More recently, Harvard biologist E. O. Wilson’s consilience theory, attempting to fuse social values with natural science, offers the same basic reductionism:

If the empiricist worldview is correct, ought is just shorthand for one kind of factual statement, a word that denotes what society first chose (or was coerced) to do, and then codified. The naturalistic fallacy is thereby reduced to the naturalistic problem. The solution of the problem is not difficult: ought is the product of a material process. The solution points the way to an objective grasp of the origin of ethics.5

Wilson’s sociobiology purges moral language of its normativity, making morality a function of genetics. “Ought” reduces to genetically encoded human behaviors involved in survival and adaptation. Postmodern theorists point out the danger in science as metanarrative—from misogynist Virginia and Michigan sterilization laws in the early decades of this century to Hitler’s eugenics program.

The implications of scientism to human nature have changed little since Baron d’Holbach’s 1770 work, The System of Nature, in which he argued that natural science alone provides exhaustive knowledge of all aspects of human experience. Echoes of d’Holbach are evident in recent comments of Robert Haynes, president of the Sixteenth International Congress of Genetics:

For three thousand years at least, a majority of people have considered that human beings were special, were magic. It’s the Judeo-Christian view of man. What the ability to manipulate genes should indicate to people is the very deep extent to which we are biological machines. The traditional view is built on the foundation that life is sacred. . . . Well, not anymore. It’s no longer possible to live by the idea that there is something special, unique, even sacred about living organisms.6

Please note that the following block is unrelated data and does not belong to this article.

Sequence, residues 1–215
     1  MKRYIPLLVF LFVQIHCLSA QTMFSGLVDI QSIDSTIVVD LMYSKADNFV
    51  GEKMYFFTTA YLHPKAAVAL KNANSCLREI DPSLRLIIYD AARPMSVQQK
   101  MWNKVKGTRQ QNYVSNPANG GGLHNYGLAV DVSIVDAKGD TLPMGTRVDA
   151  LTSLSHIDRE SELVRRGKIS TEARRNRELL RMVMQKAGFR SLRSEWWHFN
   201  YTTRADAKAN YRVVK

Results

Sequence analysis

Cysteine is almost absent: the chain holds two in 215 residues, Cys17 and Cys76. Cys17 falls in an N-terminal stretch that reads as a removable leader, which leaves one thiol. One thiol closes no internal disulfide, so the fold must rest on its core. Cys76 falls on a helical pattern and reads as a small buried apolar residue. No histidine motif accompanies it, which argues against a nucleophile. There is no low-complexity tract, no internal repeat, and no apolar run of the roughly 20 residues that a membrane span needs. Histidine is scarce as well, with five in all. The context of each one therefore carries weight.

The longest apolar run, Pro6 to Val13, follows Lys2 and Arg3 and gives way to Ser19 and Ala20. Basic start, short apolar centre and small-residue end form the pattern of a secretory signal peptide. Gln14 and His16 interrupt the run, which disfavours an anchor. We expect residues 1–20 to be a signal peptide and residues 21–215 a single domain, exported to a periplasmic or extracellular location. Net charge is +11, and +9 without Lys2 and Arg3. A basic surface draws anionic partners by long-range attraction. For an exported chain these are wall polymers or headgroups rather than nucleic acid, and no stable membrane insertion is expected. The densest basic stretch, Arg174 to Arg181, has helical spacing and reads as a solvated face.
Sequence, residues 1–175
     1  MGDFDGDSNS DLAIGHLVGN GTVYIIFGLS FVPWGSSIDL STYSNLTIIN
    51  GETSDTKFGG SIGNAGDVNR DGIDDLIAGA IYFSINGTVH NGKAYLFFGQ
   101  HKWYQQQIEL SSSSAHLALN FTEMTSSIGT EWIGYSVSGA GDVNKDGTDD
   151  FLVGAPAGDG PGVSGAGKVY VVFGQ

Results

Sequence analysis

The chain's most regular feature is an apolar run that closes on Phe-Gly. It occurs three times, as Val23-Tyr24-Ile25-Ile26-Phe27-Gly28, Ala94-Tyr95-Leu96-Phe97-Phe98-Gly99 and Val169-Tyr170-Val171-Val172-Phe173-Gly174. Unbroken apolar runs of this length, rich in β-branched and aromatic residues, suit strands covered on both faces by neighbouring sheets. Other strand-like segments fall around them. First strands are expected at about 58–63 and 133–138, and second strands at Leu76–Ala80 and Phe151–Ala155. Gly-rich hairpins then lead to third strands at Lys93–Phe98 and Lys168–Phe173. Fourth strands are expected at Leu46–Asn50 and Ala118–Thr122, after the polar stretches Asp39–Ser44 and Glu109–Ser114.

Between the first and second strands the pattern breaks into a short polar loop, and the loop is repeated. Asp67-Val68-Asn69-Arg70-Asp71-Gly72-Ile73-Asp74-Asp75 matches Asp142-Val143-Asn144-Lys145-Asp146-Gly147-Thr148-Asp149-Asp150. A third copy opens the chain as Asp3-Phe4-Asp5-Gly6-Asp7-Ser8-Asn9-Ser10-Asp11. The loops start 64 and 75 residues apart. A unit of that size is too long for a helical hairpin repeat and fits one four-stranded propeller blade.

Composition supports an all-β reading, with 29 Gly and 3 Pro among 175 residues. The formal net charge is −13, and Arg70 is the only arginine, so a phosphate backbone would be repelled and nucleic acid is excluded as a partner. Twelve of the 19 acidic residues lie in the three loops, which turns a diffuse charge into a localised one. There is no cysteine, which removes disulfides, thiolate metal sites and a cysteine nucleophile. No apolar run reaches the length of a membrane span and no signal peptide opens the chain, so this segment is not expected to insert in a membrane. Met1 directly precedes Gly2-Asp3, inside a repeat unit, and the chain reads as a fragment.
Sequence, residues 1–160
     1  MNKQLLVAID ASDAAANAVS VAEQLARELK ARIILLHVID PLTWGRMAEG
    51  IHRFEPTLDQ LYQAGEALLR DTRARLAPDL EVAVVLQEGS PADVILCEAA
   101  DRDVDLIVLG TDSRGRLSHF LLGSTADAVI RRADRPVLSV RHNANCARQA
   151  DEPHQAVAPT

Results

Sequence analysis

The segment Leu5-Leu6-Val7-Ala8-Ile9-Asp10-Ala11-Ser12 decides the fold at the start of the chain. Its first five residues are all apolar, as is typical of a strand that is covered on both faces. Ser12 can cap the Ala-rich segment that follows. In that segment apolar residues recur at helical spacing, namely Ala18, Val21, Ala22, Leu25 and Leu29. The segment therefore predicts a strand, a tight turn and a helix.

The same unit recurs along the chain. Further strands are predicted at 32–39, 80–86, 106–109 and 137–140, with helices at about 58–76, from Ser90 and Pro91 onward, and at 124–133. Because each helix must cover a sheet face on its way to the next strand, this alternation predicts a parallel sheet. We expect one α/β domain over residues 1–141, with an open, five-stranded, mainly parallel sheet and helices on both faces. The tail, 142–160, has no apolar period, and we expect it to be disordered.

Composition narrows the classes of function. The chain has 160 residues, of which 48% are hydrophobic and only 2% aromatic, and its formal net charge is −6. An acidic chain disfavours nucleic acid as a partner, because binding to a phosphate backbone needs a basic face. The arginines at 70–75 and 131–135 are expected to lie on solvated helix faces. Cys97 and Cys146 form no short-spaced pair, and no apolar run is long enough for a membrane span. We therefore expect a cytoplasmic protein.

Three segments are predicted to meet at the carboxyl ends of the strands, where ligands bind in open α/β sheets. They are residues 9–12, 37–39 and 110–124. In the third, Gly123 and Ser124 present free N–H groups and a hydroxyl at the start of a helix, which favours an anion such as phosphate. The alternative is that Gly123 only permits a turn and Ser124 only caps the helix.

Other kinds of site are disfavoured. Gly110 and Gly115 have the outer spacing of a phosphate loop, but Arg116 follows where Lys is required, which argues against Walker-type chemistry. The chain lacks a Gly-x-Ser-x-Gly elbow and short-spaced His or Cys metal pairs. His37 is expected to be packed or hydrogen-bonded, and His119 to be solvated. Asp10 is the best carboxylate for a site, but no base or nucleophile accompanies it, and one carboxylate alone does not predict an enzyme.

Postmodern critique of scientism goes well beyond mere rejection of its epistemological foundation and metanarrative. Postmodernism is incredulous to all metanarrative because it rejects any form of epistemological foundationalism. Any attempt to ground knowledge claims in self-evident or rationally objective first principles is dismissed. Two lines of argument attempt to reveal the basic problems with foundationalism as it relates to scientific theories.

Reality and social construction

Since Thomas Kuhn’s The Structure of Scientific Revolutions,7 substantial attention has been given to the relationship between the objective methods of science and the subjective dimension of scientists as interpreters of data. One of Kuhn’s most helpful insights is that no one assesses data in an ideological or cultural vacuum.8 Consequently, science often reflects prevailing social ideology, and has been uncritically used in the service of obviously unscientific, i.e., philosophical causes. Darwin’s The Origin of Species, for example, is replete with language that describes natural phenomena in terms of nineteenth-century humanist optimism. His frequent use of teleological terms such as “useful,” “purpose,” “the good of each being,” “profitable,” “beneficial,” “advantageous,“ “success,” “welfare,” “perfection,” and “scale of nature,”9 occasioned the following observation from his contemporary Karl Marx:

It is remarkable that Darwin recognizes among brutes and plants his English society with its division of labor, competition, opening up of new markets, “inventions,” and Malthusian “struggle of existence.”10

Postmodernist critique centers on the relationship between social context and scientific theorizing. They hold that no one can access reality from a culturally neutral context. It is not possible to remove scientists from their social and ideological biases. Consequently, researchers interpret data selectively, based on their own social location. Theories turn out to be an extension of the socially constructed consciousness of the researcher and the research community. Consequently, all theory is socially grounded interpretation rather than transculturally objective truths—foundationalism is at best a pretense, really little more than covert political posturing.

Postmodernists are interested in the rhetorical power of language as it relates to scientific theorizing. Words are inherently tools of persuasion and power. For this reason, there is always occasion for a subversive reading of science to reveal a political subtext. Once the subtext is revealed, the marginalization of the scientific metanarrative can be exposed.